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CIOs and CMOs: Achieving Convergence of Infrastructure and Analytics

CIO CMO convergence

Back in the day, marketing teams focused on developing creative brand campaigns while IT teams focused on keeping the network up and running. But in digital transformation, those two teams are no longer separate entities. With technology—and data—at the center of every customer touchpoint, a CIO/CMO convergence is not just optimal, it is necessary. In fact, your company’s success with AI and machine learning depends upon it.

CIO CMO Convergence: What Does It Look Like?

First, let’s take a step back. The volume of data created in the marketplace is growing 40 percent each year. If you aren’t already drowning in data about your customers’ preferences and pain-points, you soon will be. Without the support of a highly-skilled technologist, that data will quickly turn into a data swamp of confusion, rather than a source of valuable information that will help you improve customer satisfaction and eventually grow your company.

The CIO CMO convergence is where infrastructure and analytics supporting your data projects come into play. It’s the point at which your marketing campaign can either grow your company, or ground it. That’s why cooperation at this intersection is so important.

Indeed, the important thing to remember isn’t specific insight about which data infrastructure is right for your company. There are tons of articles already written about the best ways to organize data, update it, manage it, slice it, etc. The right solution for your company will change over time, depending on your company’s marketing efforts, size, audience, etc. The more essential thing to remember today is that there must be cross-pollination of the analytics process for your data efforts—including any AI and machine learning efforts—to succeed. If you aren’t sure what that looks like, consider the following.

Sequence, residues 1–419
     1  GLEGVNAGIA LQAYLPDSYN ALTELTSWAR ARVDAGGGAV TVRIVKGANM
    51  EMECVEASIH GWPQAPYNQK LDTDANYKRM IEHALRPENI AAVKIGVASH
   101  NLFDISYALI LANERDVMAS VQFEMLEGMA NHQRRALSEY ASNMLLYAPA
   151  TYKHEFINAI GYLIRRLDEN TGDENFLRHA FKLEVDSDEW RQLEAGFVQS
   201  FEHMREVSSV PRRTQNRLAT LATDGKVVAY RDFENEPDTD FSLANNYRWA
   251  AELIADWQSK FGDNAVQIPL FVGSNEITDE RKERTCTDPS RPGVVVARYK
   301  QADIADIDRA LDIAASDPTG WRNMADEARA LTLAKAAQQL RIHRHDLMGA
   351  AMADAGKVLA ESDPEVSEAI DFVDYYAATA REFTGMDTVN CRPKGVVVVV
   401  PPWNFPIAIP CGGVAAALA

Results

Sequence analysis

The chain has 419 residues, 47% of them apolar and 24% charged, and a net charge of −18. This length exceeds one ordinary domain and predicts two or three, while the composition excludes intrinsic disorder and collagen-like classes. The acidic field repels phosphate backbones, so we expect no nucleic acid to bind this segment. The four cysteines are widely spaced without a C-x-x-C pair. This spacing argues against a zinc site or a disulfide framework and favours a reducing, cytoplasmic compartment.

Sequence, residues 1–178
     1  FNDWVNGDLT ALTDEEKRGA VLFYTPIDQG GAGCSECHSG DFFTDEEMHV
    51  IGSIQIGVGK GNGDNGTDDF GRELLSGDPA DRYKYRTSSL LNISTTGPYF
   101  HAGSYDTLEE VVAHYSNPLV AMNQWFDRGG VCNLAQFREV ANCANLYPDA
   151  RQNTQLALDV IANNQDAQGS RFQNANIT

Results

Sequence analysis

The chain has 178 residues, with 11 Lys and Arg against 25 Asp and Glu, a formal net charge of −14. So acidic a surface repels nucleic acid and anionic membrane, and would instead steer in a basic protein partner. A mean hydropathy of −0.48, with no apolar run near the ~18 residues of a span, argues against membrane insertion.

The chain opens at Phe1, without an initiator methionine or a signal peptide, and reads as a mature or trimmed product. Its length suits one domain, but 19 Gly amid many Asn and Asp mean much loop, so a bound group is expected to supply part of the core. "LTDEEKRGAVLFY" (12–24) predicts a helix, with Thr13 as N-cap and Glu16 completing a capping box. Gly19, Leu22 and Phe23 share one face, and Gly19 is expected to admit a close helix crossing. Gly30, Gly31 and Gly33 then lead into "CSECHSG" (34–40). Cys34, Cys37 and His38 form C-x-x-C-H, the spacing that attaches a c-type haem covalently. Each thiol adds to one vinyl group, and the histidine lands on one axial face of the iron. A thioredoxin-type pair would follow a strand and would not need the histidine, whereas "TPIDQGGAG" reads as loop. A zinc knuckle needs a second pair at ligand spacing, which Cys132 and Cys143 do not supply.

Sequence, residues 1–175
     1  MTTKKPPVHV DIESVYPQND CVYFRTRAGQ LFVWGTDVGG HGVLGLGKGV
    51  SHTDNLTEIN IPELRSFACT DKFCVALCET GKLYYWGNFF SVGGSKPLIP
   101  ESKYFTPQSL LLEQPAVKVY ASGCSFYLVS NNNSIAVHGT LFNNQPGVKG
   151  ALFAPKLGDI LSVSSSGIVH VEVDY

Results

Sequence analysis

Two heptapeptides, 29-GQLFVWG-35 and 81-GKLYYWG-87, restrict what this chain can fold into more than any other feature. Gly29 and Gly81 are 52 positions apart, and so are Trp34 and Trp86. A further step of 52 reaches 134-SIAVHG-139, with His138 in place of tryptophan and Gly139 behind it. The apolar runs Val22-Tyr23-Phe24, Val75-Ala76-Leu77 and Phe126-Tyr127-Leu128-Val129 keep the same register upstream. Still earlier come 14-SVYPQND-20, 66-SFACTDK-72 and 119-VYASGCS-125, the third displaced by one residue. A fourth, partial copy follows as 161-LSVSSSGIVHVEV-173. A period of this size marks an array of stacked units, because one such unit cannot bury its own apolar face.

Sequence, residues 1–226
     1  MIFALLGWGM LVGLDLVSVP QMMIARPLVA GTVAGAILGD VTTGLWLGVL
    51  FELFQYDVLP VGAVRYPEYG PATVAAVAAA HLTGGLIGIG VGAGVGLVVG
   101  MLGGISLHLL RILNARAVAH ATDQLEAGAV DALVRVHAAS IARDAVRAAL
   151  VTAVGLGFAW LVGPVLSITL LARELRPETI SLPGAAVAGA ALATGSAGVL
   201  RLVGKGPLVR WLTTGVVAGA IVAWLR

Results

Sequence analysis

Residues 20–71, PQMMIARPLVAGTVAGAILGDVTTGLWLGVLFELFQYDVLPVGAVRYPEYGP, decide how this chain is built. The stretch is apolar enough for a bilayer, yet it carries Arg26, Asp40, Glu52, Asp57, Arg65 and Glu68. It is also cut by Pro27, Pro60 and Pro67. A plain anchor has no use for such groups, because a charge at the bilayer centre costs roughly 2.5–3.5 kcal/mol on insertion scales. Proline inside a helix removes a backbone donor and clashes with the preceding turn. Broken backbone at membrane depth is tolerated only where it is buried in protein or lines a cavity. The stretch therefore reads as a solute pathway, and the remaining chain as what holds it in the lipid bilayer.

• A new mindset. Both the CMO and CIO need to think of data as a profit generator. The CIO especially may not be used to thinking of data—or her specific role—in this way. For the CIO, they might just be focused on supplying the tech and the data. That’s no longer enough. Tech is no longer simply “overhead.” It’s an investment that needs to pay off for your company to compete in today’s market. It’s so essential, in fact, that more than half of IT leaders now share budget ownership for their company’s marketing efforts. CIO CMO convergence means recognizing both departments play an equal role in growing the company.
  • A shared vision. Cynthia Stoddard, senior vice president and CIO of Adobe, says one-off collaboration between marketing and IT is not enough to succeed in digital transformation. CIO CMO convergence is not a project-based thing. It’s an all-time thing. It means that the two teams work from a shared understanding, a common goal, and walk along side one another through every product developed, every app being released, and every new idea being presented. Why does vision matter to infrastructure? Because until the CIO embraces the same vision as the CMO, the infrastructure will not match that vision.